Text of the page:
Our Service for Communities

We provide:

  • Consultancy for strategic policy, project management, M&E, and staff training.
  • Audio-visual materials on peace and development.
  • Model Village to demonstrate peace and development.

In the Umucyo Nyanza Women’s Association Project, we support a group of women in the South of Rwanda on their journey to reconciliation and economic sustainability.

Nonviolent Communication Introductions


Coordinated by our now-graduate Dismas, who is currently pursuing a master’s degree at the University of Rwanda, two introductions to Nonviolent Communication under the motto and title “Listening to Connect” were conducted: one with volunteers of Never Again Rwanda in Huye, and the other one with PIASS peace students who had requested it. Both introductions were held with support from a group of German Psychologists, coordinated by Wolfgang, who had visited us in 2018 and 2019 through contact with the German NGO KOMERA.

Linda introducing the basic assumptions, history and purpose, as well as the four main elements and three modes of Nonviolent Communication


Nonviolent Communication Practice Groups

As we found it difficult to uphold regular practice sessions for the groups of students at PIASS and at the University of Rwanda who had introductions to NVC (Listening to Connect) since it is challenging to find a date and time fitting for all of them, we invited them to join the ‘old’ practice group that had been created in 2018 after the Speaking Peace at Work seminars. We had some fruitful sessions since newer and long-term members shared experiences and learnt together.

NVC International Intensive Training

As the NVC Africa Network is getting ready for the 9 day International Intensive Training in Nairobi, co-organized by the Kenyan NVC network, Irmtraud in her role as NVC Assessor, and the Center for Nonviolent Communication (https://cnvc.org ), we are glad we found support for some of our NVC practitioners who have now entered the path of NVC learning towards trainer certification: Some of them who are employees of a GIZ Civil Peace Service (CPS) Partner organization will be supported by GiZ CPS and others will be supported by a fund set up by a German NVC network. We are grateful that some of those NVC trainer certification candidates from here get this chance, as it is challenging for NVC practitioners from Africa to get the number of training days with certified NVC trainers that they need if they want to register as certification candidates – most International Intensive TRainings are conducted in the US and Europe, and traveling there and covering the cost for the tuition, accommodation, food and other related expenses is difficult for many here.

Another exciting development we would like to share is that one of the students in the Department for Peace & Conflict Studies decided to write her dissertation on the impact that Nonviolent Communication has on the PIASS student community.

 Opening minds and hearts – NVC practice resumed after COVID-related break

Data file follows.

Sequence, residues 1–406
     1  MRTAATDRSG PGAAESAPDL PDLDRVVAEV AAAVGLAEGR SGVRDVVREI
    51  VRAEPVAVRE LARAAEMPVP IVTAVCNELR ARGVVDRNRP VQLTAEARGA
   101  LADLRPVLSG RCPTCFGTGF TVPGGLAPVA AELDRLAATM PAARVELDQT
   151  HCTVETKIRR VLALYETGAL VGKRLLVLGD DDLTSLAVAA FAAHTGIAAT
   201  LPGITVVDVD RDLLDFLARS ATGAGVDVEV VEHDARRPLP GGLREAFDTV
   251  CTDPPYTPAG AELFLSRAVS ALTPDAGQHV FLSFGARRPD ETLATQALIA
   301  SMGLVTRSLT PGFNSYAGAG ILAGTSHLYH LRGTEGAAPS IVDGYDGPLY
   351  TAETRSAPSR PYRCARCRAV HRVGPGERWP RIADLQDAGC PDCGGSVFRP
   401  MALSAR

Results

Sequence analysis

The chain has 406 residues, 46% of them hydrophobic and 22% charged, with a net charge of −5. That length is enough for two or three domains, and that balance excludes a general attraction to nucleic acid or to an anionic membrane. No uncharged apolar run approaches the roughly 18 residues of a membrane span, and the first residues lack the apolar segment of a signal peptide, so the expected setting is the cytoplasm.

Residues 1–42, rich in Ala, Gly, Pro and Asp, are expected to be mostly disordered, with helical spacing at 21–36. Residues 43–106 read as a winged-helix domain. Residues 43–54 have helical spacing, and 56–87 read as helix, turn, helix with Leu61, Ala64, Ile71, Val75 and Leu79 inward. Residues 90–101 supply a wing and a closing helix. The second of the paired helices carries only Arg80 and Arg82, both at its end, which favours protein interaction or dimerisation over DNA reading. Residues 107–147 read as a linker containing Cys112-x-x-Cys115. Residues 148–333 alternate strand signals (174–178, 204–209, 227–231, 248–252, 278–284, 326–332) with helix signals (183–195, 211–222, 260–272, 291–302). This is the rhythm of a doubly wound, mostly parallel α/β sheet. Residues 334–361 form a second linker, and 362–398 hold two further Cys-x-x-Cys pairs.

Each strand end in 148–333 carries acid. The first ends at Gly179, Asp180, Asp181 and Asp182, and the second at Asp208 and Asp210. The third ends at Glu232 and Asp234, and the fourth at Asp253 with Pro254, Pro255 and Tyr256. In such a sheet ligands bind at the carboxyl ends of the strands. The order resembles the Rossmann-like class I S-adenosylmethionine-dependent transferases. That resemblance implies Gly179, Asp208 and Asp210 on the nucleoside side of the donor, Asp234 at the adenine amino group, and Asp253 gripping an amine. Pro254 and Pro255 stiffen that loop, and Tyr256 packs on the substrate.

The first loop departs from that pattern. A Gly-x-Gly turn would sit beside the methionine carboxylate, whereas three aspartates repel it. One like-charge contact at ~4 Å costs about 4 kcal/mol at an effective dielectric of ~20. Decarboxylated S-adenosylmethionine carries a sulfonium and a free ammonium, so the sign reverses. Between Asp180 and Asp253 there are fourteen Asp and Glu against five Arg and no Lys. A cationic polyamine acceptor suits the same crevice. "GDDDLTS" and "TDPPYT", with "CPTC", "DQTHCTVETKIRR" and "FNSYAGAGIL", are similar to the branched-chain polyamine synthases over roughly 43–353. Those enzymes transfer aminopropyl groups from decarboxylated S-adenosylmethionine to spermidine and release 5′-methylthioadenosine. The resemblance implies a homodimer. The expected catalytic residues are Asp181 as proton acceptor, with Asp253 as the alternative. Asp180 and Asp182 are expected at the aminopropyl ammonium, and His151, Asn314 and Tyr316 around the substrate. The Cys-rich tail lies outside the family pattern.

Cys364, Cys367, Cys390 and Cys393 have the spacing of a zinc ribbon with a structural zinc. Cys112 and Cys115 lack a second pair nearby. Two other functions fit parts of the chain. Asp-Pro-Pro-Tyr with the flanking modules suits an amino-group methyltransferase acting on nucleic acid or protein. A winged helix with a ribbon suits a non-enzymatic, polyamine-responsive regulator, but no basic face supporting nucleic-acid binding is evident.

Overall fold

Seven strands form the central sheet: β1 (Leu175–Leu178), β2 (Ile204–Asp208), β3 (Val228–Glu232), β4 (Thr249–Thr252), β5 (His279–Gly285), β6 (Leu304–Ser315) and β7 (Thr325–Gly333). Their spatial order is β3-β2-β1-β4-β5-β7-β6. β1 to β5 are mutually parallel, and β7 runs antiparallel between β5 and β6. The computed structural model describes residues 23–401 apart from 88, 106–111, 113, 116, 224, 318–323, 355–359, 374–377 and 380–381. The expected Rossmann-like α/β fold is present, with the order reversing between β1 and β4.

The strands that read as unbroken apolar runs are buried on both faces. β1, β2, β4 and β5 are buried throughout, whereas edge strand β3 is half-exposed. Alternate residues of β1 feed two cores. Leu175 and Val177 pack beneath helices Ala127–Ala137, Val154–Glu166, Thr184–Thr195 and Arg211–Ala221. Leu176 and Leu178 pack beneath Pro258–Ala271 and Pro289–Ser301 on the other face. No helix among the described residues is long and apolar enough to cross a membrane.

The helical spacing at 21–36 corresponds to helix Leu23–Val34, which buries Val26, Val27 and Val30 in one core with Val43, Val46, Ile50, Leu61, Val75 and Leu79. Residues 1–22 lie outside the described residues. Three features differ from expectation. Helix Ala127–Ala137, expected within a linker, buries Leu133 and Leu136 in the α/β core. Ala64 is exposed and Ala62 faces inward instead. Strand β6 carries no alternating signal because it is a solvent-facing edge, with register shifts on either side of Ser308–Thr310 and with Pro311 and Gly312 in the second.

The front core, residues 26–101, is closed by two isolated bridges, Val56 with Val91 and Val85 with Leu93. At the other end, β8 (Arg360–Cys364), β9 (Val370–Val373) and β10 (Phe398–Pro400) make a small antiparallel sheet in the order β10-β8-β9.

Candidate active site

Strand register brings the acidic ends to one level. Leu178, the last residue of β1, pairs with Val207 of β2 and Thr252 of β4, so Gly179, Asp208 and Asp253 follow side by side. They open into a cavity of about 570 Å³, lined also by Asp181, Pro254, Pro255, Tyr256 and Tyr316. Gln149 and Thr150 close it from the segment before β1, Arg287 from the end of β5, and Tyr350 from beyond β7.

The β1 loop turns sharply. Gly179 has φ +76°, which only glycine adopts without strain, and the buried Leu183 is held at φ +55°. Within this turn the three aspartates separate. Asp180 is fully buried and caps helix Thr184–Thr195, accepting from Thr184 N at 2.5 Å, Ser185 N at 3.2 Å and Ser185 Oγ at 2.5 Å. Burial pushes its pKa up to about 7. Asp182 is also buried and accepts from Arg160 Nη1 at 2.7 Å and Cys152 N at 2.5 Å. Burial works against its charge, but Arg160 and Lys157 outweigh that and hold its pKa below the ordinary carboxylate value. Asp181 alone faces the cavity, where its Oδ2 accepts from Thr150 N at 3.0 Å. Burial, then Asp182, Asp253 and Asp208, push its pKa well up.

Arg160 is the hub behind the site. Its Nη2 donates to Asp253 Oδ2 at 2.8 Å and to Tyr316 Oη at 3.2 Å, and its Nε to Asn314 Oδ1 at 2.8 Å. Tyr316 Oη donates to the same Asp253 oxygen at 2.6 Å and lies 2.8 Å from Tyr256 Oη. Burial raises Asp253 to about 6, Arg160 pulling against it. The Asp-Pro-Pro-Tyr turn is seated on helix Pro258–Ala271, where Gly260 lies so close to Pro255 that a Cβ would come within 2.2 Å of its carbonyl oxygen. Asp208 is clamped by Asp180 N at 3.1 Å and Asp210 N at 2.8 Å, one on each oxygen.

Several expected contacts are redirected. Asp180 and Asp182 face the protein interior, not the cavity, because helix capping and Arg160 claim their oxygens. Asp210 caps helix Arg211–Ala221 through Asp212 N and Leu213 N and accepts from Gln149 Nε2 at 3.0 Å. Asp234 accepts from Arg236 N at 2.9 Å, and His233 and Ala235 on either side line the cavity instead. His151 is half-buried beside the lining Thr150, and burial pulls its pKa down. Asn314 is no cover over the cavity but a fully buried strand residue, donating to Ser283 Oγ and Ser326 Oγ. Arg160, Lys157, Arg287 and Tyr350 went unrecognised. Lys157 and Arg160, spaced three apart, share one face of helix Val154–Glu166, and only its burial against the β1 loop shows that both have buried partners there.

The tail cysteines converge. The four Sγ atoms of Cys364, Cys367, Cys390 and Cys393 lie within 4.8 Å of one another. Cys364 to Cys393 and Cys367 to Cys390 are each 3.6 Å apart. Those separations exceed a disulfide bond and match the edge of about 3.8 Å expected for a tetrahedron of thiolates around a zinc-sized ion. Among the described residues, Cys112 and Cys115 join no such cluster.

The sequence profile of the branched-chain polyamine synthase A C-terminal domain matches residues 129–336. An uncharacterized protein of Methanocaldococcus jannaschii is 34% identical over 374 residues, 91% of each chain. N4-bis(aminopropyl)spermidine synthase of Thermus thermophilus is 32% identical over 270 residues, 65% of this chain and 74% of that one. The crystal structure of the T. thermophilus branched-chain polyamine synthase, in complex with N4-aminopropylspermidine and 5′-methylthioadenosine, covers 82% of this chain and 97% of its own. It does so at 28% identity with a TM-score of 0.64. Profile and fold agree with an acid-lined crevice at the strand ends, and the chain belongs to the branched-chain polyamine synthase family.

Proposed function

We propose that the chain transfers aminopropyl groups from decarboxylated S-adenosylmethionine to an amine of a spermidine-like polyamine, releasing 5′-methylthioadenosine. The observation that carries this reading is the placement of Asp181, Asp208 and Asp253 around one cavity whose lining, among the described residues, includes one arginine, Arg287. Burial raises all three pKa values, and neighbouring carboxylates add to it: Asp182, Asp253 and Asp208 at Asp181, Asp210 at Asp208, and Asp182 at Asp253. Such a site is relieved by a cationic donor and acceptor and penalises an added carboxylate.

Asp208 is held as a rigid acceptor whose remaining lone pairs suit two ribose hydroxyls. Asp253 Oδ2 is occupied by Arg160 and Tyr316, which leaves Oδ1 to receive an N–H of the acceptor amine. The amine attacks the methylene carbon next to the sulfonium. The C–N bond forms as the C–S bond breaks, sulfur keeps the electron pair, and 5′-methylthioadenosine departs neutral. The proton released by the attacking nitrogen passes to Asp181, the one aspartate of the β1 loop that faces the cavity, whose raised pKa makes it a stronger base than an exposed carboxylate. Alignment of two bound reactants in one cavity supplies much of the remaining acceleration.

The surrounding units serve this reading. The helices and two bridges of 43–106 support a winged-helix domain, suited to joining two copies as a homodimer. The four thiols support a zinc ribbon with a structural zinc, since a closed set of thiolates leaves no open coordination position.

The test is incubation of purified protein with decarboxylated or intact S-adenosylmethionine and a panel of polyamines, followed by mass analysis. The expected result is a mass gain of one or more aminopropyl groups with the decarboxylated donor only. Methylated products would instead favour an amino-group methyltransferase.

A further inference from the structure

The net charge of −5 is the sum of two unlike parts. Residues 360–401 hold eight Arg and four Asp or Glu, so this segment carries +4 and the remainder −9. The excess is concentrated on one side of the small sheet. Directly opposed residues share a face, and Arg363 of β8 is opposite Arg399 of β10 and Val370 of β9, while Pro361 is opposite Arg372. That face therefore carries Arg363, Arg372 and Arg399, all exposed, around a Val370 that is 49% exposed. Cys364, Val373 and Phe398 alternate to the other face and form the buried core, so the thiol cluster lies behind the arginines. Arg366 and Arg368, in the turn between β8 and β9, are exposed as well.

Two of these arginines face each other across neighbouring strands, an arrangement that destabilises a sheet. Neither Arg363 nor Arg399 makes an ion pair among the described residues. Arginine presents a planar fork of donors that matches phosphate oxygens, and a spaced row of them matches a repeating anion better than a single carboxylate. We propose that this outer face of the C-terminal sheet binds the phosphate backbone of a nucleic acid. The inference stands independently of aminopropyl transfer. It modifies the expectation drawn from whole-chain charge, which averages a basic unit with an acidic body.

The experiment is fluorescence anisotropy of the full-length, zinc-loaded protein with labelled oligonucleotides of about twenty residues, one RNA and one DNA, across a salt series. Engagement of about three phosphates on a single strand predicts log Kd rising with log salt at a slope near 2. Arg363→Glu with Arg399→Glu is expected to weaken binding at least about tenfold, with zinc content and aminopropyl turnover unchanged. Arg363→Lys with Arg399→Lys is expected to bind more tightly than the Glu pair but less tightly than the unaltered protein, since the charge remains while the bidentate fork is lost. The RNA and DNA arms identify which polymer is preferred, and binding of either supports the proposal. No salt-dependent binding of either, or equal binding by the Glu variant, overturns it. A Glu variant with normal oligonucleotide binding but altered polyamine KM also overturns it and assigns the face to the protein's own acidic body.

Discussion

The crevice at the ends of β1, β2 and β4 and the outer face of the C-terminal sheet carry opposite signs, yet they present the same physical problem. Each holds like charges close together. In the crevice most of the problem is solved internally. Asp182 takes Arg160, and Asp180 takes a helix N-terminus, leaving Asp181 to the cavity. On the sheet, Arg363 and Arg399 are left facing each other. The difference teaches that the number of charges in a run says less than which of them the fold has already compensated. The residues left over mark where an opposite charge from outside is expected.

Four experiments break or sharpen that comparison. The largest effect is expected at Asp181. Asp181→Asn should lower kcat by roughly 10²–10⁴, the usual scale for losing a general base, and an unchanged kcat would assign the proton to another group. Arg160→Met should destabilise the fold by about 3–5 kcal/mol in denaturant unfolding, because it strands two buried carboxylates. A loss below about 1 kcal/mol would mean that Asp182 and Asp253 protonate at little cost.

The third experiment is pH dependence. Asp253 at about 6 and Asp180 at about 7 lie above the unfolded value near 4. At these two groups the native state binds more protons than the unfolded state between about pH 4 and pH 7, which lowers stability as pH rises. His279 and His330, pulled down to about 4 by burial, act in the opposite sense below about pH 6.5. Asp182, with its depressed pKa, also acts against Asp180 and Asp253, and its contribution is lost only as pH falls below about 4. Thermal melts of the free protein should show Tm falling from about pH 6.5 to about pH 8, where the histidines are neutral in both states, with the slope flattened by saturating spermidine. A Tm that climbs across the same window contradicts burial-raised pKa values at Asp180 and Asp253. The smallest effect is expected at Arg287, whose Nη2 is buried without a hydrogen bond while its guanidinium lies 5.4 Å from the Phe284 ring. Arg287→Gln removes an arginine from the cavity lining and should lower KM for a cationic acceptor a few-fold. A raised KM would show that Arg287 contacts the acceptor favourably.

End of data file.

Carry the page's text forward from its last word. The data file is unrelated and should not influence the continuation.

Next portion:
The Nonviolent Communication practitioners who had been participating in different workshops and trainings from 2017 to 2019 decided, after a short break, to resume monthly meetings. The purpose of these meetings is to discuss how to live empathically, listen actively and express ourselves honestly, especially when things get heated due to misunderstandings and conflicts. Last time, seven people joined, and we worked on three different situations that one of us had experienced recently or was still facing: one was about an encounter with a police commander who ordered one of the participants to enter a police van where there were already many people crammed inside.  When he told the police commander that he did not want to enter the vehicle because he was afraid to contract the coronavirus, the police commander responded, “But others are doing it.” He replied,  “Yes, but I am really scared, and I want to be safe,” the commander paused and ordered a policeman to accompany him on the walk to the stadium where others were already gathered to receive the education about the COVID-19 measures. The second situation was about a conflict between siblings, where our participant was a third party. We encouraged her to imagine what her sisters were feeling and needed and supported her to find ways to express her empathy in a way that might help the siblings feel heard. The third was about a superior who was scared about the ‘harsh’ behavior of an employee towards his clients, who, through some empathic listening found out that the feelings and needs of the employee were not met by the work she was doing: She needed an occupation where she would not have to deal with clients coming with their personal burdens, because her own life was already very difficult. She felt overwhelmed and needed ease; after speaking about this situation, the superior asked the employee if she would be willing to do another work that would not confront her with the clients’ problems, and she happily accepted.

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